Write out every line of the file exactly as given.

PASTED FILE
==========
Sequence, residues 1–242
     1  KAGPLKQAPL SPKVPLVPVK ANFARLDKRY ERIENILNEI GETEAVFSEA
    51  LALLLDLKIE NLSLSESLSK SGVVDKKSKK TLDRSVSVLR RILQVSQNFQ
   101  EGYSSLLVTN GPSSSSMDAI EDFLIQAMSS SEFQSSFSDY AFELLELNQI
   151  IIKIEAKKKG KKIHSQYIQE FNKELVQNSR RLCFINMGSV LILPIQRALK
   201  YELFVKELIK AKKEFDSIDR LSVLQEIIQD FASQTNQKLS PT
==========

Sequence, residues 1–242
     1  KAGPLKQAPL SPKVPLVPVK ANFARLDKRY ERIENILNEI GETEAVFSEA
    51  LALLLDLKIE NLSLSESLSK SGVVDKKSKK TLDRSVSVLR RILQVSQNFQ
   101  EGYSSLLVTN GPSSSSMDAI EDFLIQAMSS SEFQSSFSDY AFELLELNQI
   151  IIKIEAKKKG KKIHSQYIQE FNKELVQNSR RLCFINMGSV LILPIQRALK
   201  YELFVKELIK AKKEFDSIDR LSVLQEIIQD FASQTNQKLS PT